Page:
Q. And what is your advice about book proposals?
A. A book proposal is essentially three things in one: an editorial plan, a strategic business plan, and a marketing plan. So it’s important to present the book you envision from multiple perspectives, including:
- the reader’s perspective — the information they’re seeking
- the author’s perspective — how you plan to present that information, and
- the publisher’s perspective — how this will result in a bestseller.
Feature your “elevator pitch” upfront – that is, a concise summary of what the book is about, and who’s going to buy it and why. Remember that publishers are looking for compelling ideas for books with significant potential audiences. Your book proposal should prove not only that you can deliver the book you envision, but that a substantial audience exists for it and that you know how to reach them.
Q. What have you learned from publishing many books about chefs, eating and cooking?
A. In every case, we’ve sought to balance what we’ve most wanted to learn more about next with what our readers seem to most want to read about next. We develop a sense of it through the many letters, emails and social media messages we receive, as well as comments in book reviews. We also pay close attention to what’s on chefs’ minds through our interviews with many of the best in the country, and through chefs’ comments in the media.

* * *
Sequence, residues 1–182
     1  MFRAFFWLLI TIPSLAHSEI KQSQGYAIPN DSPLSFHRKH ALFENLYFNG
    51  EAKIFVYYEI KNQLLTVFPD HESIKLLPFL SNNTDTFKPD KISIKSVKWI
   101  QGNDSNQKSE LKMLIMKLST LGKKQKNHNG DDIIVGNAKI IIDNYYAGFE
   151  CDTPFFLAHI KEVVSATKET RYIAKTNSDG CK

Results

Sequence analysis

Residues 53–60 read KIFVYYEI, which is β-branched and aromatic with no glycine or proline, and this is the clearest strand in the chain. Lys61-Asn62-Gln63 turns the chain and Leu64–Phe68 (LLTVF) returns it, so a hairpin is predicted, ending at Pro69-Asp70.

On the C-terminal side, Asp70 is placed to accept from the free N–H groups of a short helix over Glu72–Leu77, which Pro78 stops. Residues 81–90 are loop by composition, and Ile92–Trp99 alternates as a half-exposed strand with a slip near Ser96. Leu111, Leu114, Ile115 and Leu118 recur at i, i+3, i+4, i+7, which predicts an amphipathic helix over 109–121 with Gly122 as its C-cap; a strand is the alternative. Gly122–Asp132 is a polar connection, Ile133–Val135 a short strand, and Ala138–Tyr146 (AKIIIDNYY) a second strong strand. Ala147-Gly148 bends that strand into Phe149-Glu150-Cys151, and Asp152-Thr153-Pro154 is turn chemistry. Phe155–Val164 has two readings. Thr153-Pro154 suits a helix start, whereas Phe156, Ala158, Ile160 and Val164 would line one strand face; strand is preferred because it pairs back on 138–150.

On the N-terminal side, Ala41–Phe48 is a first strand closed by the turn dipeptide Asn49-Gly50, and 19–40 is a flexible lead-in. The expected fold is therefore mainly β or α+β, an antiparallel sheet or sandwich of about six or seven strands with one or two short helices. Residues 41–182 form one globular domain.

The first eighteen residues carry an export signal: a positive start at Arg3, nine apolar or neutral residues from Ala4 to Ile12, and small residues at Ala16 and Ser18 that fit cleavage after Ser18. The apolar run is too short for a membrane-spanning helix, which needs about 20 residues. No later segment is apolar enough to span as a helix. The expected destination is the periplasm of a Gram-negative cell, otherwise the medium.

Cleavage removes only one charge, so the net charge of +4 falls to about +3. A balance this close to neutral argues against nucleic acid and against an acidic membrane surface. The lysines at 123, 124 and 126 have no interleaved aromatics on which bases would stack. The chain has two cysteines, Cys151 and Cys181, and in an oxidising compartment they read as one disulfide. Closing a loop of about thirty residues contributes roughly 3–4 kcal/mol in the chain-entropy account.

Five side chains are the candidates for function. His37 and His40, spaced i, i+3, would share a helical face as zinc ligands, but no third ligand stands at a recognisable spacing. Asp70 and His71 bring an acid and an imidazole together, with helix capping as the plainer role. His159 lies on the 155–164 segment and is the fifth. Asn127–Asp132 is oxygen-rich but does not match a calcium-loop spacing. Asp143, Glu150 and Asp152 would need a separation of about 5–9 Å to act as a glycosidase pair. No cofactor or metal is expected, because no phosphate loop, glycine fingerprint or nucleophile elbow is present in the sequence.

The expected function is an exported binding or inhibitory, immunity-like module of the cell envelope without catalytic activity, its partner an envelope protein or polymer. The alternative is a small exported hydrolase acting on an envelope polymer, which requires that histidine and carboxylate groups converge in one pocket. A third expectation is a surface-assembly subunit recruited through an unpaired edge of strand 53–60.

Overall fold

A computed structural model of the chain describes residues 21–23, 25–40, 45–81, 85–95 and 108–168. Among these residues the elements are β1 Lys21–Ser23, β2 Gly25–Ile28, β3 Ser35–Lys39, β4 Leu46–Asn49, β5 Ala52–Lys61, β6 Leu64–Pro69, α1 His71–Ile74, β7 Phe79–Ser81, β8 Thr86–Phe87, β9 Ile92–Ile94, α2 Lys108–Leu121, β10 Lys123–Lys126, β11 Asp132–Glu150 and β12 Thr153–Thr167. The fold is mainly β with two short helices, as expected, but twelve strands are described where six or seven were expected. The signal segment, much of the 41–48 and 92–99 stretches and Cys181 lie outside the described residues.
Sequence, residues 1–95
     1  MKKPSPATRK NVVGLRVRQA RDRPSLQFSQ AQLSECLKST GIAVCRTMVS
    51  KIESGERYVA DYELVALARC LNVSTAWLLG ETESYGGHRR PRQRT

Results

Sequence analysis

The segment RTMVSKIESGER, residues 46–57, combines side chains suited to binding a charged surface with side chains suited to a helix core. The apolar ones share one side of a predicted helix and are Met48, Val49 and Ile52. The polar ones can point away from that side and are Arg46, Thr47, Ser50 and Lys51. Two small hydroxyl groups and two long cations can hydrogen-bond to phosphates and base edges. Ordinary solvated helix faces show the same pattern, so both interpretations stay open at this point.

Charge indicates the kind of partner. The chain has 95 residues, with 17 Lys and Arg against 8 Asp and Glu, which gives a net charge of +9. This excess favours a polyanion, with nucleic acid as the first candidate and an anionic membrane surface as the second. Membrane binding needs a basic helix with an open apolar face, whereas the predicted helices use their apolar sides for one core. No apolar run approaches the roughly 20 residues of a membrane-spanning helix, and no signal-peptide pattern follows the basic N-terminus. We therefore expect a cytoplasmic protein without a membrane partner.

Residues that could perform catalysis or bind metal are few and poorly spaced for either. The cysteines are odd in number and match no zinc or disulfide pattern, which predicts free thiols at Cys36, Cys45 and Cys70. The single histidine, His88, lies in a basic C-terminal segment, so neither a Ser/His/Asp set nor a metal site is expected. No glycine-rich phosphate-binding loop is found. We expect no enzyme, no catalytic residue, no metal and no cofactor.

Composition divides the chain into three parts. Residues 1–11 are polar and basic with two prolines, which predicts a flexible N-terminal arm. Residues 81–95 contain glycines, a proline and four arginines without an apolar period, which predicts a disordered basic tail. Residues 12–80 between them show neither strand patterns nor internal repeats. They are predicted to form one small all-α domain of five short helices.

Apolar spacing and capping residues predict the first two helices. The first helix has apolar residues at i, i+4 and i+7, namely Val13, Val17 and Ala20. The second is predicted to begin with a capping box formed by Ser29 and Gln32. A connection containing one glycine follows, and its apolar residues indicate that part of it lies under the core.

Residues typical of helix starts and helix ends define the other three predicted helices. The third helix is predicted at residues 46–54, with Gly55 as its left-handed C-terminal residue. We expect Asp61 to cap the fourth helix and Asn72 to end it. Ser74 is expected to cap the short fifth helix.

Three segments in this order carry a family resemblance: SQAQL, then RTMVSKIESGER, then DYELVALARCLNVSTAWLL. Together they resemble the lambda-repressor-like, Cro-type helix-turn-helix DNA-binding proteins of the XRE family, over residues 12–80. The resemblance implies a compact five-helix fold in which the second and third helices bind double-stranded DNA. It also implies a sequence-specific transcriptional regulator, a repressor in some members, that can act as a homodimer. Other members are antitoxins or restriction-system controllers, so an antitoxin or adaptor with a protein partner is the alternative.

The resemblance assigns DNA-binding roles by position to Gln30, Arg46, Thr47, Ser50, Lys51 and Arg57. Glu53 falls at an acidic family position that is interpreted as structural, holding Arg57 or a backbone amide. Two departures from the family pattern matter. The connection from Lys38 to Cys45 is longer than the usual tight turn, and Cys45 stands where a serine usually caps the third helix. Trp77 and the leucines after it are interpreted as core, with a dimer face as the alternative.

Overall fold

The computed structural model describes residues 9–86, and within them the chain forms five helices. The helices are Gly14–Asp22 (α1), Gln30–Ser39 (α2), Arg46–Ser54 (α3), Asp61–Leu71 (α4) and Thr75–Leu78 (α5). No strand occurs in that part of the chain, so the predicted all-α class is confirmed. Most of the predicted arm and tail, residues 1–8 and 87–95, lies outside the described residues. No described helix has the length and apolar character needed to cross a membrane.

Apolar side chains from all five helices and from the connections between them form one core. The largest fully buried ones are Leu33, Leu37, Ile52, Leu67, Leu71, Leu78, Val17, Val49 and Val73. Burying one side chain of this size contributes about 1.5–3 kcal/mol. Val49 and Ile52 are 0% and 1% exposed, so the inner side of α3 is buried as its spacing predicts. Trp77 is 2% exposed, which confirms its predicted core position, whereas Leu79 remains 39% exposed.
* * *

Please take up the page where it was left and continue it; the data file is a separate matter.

At the time we proposed Dining Out (in 1996), restaurant critics had so much power that they could still make or break a restaurant. There was still great mystery regarding the identities of critics, who wore disguises. When proposing What to Drink with What You Eat (in 2004), we wanted to master not only wine but food and wine pairing, while keeping the book accessible for readers who wanted to think like a Master Sommelier without undergoing the grueling training. When we proposed the book, sommeliers were on the rise as the new “rock stars” of the restaurant world, so the timing was ideal.
The Flavor Bible (2008) picked up where Culinary Artistry (1996) left off in building on the most popular feature of that book, an A-to-Z lists of ingredients and compatible flavors. With hundreds of thousands of copies sold globally — including translations into Chinese, French, German, and Russian — it’s become our bestselling book yet. Our next book, Kitchen Creativity (2017), picks up where those two books left off.
Q. Is there anything else you would like to tell people about rejection or pitching books?
A. The most common mistake we see among would-be authors is the tendency to think about the book they envision only from their perspective, while not giving equal thought to the reader’s and especially the publisher’s perspectives. When writing your book proposal, get out of your own head and spend more time in your reader’s and publisher’s heads, and include information that will get both camps excited about your idea.
And if you do face rejection, remember that it doesn’t matter how many times you hear “no.” All it takes is that single “yes,” so try, try again.